Ask a Neurologist. Get Answers to Your Neurology Questions.
Hi there. Are you in good health otherwise? Are you taking any medications other than the supplements?
This does not sound at all like ALS. Low vitamin D is often a marker for inadequate sun exposure as the skin normally makes vitamin D when exposed to UV rays. Fasciculations and focal paresthesias (e.g. burning) are most commonly related to stress, fatigue, poor sleep, too much caffeine, etc. It is very common in otherwise healthy young persons like yourself. :-)
Hi. I received your request but cannot speak by phone at this time. I would be happy to continue our conversation however by chat. Do you have further questions?
This does not sound like hypervitaminosis D. This is a rare condition, anyway, and would not be expected to result from the usual supplemental doses. You could have your doctor check your levels to be sure, but this is much more likely to be the result of something else. Do you work out?
These types of symptoms are often the result of an unsuspected injury (often with pain starting only the next day or two) or repetitive micro-trauma from some task that one is doing multiple times per day. The nerves and muscle bundles may already be hyper-excitable due to stress, fatigue, health anxiety, etc so it is a "double hit phenomenon."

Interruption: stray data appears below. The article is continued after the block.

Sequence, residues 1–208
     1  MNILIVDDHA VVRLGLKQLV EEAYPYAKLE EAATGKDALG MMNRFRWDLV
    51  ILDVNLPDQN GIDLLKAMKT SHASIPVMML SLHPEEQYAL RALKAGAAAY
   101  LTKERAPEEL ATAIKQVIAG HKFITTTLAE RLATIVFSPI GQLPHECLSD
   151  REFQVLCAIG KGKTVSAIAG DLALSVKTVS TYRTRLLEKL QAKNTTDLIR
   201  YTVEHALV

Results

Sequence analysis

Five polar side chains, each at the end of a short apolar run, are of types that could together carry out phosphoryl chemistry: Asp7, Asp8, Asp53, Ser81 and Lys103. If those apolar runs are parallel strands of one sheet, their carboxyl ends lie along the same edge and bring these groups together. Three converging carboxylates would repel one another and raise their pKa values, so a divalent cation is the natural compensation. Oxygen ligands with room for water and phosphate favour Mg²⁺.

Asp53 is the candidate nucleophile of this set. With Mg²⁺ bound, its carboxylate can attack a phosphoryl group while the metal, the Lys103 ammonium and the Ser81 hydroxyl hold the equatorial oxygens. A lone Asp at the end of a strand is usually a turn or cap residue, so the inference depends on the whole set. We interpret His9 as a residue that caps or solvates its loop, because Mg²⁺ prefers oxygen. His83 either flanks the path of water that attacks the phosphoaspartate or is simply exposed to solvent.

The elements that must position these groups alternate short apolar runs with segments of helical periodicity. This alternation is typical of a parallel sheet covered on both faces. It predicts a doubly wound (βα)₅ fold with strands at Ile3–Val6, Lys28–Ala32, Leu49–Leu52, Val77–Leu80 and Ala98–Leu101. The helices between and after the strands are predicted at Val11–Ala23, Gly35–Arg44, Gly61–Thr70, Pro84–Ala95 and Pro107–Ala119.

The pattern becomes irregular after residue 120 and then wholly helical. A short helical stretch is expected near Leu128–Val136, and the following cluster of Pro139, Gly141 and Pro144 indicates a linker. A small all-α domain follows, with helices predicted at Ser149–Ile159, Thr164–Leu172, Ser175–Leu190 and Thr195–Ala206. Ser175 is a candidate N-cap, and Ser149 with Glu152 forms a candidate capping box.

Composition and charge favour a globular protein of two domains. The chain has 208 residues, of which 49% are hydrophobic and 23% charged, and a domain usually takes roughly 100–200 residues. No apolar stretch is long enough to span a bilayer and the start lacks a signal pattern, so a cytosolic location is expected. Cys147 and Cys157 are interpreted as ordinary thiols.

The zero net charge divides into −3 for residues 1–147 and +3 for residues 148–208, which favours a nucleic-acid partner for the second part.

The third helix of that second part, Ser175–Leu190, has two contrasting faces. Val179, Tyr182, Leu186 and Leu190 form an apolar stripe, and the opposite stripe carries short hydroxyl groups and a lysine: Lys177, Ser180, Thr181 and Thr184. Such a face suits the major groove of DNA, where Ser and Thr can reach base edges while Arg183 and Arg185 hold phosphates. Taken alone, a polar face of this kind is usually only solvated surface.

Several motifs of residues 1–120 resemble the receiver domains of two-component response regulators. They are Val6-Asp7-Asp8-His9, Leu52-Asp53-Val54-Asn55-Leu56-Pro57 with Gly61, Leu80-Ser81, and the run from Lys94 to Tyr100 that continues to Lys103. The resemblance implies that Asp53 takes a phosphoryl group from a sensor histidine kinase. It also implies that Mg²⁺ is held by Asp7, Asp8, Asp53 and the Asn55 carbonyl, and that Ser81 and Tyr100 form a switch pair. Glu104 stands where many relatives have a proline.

Atrophy is usually visible or measurable. Your doctor should have checked you for this. Weakness, such as that associated with ALS does not start with burning pain. It is usually associated with fine motor activities such as buttoning one's shirt or writing. Your symptoms do not suggest this at all. And you are too young for this to be a serious consideration as it typically hits in one's 50's, possibly 40's.
You might have a median mononeuropathy. That nerve runs down the biceps region into the wrist and first 3 fingers primarily. It is typically associated with repetitive strain and is benign. Rest is the initial treament, along with anti-inflammatories if tolerated.